Last week, the Student Diversity Coalition was formally established by seniors Brian Pinkston, Dylan Williams and Natasha Yen and junior Uma Iyer. The goal of the organization is to help create a more inclusive community at Harker and provide a forum for students to discuss issues related to diversity, equity and inclusion (DEI), as well as encourage students to work toward justice for marginalized people.
After attending the Student Diversity Leadership Conference in Seattle in December 2019, Iyer and Yen were inspired to draft a series of proposals for Harker administrators. They linked up with Pinkston and in July presented the proposals, one of which was the creation of the SDC.
Yen identified a course on race and society she took through the Global Online Academy (a selection of online classes offered at Harker) as key to her realization that Harker needed a way to facilitate similar conversations. “The GOA course not only consisted of students from other Bay Area schools, but also included students from across the country and world,” she said. “After having meaningful and personal conversations on the topics of race and identity with my classmates, I realized that Harker lacked a place to have these important conversations in our own community.”
Iyer, who started at Harker in grade 9, quickly realized that something was missing at her new school. “Unlike communities I was used to being a part of, Harker did not pay as much attention to DEI issues,” she said. “At first, I did not put much thought into this feeling, but when I came back from the Student Diversity Leadership Conference, I realized that Harker did not even have one student organization that focused on diversity, equity and inclusion.”
In addition to its own events, SDC will also support the work of the Gender Sexuality Alliance as well as the establishment of Harker’s Black Student Union and LatinX Affinity Group. SDC is already planning and organizing several community-wide events and activities, including a recent webinar with Christina Guzman, director of Santa Clara University’s Office for Multicultural Learning, and the placing of a land acknowledgement plaque in recognition of Indigenous American Heritage Month in November. SDC also plans to partner with Harker’s Black Student Union in February for Black History Month and put together activities in May for Asian American and Pacific Islander Heritage month.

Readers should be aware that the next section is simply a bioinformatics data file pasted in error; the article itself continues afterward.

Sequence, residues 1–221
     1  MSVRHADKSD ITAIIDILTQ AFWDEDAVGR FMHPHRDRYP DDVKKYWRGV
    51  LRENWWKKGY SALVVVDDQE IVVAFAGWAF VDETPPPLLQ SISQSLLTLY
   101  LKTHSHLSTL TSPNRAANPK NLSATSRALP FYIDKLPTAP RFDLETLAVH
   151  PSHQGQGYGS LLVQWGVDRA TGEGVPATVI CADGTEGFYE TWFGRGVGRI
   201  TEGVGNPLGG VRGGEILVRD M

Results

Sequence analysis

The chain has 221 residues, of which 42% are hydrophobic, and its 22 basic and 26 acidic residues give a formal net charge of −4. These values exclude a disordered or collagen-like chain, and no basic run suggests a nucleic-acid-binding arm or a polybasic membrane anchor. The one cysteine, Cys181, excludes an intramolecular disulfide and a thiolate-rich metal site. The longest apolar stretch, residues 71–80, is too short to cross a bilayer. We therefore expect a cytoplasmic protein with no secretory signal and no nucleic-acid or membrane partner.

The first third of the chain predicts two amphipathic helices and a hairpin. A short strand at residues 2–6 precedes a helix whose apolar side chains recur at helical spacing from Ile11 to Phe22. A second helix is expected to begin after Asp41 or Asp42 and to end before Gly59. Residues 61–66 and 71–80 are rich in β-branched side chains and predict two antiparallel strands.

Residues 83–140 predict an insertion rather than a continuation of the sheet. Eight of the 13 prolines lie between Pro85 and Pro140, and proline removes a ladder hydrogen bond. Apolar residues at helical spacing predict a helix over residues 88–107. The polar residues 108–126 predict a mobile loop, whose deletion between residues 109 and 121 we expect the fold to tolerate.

“Besides our cultural heritage month events, the SDC will hold open meetings that allow any member of the student body to join,” said Yen. These events will include roundtable discussions on relevant topics, such as the recent wave of racial justice protests. “As the SDC establishes a presence in the community, I hope to see that it becomes woven into the fabric of what it means to be a part of the Harker community!”
Iyer noted the sense of excitement felt that the SDC had been formally established, and expressed more excitement at the prospect of working with affinity groups. “I am very excited that the SDC will be working with the affinity groups because I feel that the affinity groups were a long time coming,” she said. “Not only do they give students a safe space to confide in other students who identify with them, but it also gives students the opportunity to explore their own identity.”